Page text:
Wedding Jitters

As our wedding days nears, I’m feeling nervous.   I’ve worked hard these past months, harder than I’ve ever worked before.  I’ve got the bruises and cuts to prove it.  Sinking posts, cutting chain-link, all to give the four-hundred or so palm seedlings a chance in this rainforest.  Only a couple didn’t make it.  Now, I’ve got plenty of time to sit around and wait.

Maybe it’s the sitting around and waiting that’s making me nervous.

Now that I actually have time to drive into San Juan in the evening and meet Maria, she’s busier than ever.  She’s got a beautiful spot reserved for the wedding ceremony– a garden terrace within an historic home in Old San Juan.  She knows the innkeeper, and some of the staff. The wedding plans are all set, so she’s not busy with those.  She’s involved in a big research project for a professor I’m not too crazy about.  She had worked for him before I came to the island last Fall; and I guess she took a job with him again because we need the money.

“Won’t it be some time before your trees bear fruit?” she had said, when I asked her why she took the job.  She’s also working with her mother who’s head of house-keeping at the Ritz near the airport.  I just let the matter drop.  What am I going to say? “I don’t like the professor.  I don’t trust him alone with you.”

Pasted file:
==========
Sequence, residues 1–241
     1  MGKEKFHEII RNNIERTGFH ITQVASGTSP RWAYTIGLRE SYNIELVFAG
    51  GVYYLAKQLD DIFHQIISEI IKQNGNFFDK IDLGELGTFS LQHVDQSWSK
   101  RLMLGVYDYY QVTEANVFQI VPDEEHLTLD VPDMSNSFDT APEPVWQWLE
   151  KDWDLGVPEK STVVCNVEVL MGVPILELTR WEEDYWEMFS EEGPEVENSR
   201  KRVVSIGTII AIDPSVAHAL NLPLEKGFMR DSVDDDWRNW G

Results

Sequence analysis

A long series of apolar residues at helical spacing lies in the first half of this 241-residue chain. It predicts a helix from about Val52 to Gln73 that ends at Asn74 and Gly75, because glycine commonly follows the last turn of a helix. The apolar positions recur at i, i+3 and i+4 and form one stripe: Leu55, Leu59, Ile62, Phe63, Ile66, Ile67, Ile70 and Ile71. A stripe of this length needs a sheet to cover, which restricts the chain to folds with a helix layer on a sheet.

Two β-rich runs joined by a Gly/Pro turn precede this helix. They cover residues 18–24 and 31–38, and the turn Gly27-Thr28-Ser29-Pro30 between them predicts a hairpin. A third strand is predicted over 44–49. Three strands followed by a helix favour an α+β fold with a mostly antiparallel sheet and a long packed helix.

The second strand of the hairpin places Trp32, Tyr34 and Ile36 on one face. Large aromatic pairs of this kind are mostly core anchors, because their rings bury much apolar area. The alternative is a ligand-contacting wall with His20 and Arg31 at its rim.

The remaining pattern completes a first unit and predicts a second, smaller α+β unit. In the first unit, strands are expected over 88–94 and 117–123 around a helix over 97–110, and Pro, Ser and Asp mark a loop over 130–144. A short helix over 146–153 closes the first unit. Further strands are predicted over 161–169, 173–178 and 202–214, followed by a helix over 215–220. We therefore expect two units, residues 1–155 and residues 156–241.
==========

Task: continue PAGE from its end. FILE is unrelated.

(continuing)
photo

Jose Campeche’s Virgen de Belen

I’d like to say that, but I don’t.  She seems so absorbed in the research she’s doing.  Her research concerns a very old painting that originally hung in San Jose Church, which is now under federal historic preservation — supposedly.  Not much real work going on there I can see.  It looks the same it did four years ago, when I first touched down in Puerto Rico.

Its plaster walls and wood beams look like they’ve absorbed many a tear-drop and sigh, and every manner of prayer — from exultation to lamentation over five-hundred years.  (That’s a lot of years — more than the number of palm trees I’ve planted.)  The church would have been vulnerable every time a hurricane whipped up the sea or a foreign power laid siege to Old San Juan, which was often enough.  And in one of its naves had hung a painting of the Lady of Bethlehem, a nursing Mary.  Virgen de Belen.  The painting is thought to have been carried in procession during the siege of San Juan by the British in 1797 after it was moved to the cathedral down the hill.  The people’s faith in the subject of the painting and procession may have delivered a miracle: the startling retreat of sixty some warships.

Anyway, Maria is researching what has been done since 1973 to find the stolen painting, the 16th century original.  Only very artful copies by Joseph Campeche are seen today.  Maria’s feeling is that San Jose Church, whenever it is restored, will not be the same without the Blessed Mother of Christ smiling from its tallow-colored walls.  I agree.  As Maria misses the painting, I miss Maria.

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